The Grammarphobia Blog

A kangaroo court

Q: What’s the origin of the expression “kangaroo court”? Does it come from Australia? And why a kangaroo of all things?

A: The expression “kangaroo court” originated not in Australia but in the American West during the 19th century. The American Heritage Dictionary of the English Language defines it as an illegal, dishonest, or incompetent court.

The first published reference in the Oxford English Dictionary is from A Stray Yankee in Texas, an 1853 book by Philip Paxton, the pen name of Samuel Adams Hammett: “By a unanimous vote, Judge G— was elected to the bench and the ‘Mestang’ or ‘Kangaroo Court’ regularly organized.” (“Mestang” is an old spelling for that small, wild horse we now refer to as a “mustang.”)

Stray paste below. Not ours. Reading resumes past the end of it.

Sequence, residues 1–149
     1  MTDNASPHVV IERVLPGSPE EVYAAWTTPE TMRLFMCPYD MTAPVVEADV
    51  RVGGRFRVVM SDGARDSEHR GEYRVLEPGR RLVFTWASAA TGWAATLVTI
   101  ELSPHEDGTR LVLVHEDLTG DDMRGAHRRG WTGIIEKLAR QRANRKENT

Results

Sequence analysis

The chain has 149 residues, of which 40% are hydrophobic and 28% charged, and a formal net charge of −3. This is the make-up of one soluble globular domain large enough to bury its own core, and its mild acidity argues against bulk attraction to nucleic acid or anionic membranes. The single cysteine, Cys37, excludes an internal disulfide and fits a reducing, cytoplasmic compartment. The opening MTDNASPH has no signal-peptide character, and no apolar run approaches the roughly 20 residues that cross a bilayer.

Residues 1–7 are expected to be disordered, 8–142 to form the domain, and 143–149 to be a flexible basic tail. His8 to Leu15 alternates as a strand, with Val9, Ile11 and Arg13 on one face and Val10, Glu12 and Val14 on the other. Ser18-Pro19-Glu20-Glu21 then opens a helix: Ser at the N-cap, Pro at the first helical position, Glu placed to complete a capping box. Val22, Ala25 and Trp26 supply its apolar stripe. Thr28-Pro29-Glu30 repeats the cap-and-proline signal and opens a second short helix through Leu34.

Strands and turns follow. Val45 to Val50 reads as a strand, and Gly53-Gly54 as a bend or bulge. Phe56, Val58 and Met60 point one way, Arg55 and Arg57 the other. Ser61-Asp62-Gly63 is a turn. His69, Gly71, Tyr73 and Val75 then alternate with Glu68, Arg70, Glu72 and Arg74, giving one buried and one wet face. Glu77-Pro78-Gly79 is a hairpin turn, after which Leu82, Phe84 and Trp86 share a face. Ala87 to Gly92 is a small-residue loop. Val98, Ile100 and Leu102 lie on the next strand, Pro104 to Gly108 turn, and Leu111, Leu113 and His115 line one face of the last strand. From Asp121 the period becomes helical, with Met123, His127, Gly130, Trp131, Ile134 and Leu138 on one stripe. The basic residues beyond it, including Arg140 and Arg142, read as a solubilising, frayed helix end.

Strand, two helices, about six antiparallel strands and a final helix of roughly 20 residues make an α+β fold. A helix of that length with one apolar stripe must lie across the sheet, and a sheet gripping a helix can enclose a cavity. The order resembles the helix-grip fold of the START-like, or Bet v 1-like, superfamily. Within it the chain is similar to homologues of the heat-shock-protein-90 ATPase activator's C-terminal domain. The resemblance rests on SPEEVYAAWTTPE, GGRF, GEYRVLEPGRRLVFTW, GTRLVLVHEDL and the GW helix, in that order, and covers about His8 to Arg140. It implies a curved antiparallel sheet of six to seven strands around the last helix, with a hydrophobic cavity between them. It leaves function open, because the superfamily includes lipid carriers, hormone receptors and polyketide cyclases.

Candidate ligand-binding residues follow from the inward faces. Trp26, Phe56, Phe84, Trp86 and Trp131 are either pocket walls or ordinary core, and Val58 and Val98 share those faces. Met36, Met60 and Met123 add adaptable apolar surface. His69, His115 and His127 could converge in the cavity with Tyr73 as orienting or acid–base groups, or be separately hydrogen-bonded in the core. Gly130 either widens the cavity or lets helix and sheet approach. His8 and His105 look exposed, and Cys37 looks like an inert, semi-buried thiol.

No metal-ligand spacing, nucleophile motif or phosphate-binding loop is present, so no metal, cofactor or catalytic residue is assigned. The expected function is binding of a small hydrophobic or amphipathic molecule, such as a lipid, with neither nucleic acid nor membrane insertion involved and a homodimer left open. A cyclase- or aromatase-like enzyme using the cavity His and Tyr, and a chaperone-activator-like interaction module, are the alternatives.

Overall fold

Nobody knows for sure how the kangaroo got into the expression “kangaroo court.” But there are several theories. (Excuse me if I don’t get into the mustang angle here!)

Brewer’s Dictionary of Phrase and Fable says the term “probably arose from some likening of the ‘jumps’ of the kangaroo to the progress of ‘justice’ in such courts.” The Random House Historical Dictionary of American Slang suggests that the irregular court and the odd-looking kangaroo both seem to defy the laws of nature.

Another possible explanation is that the expression describes the informal trials of accused claim jumpers during the Gold Rush. But this is all speculation. Sorry I can’t be more definite.

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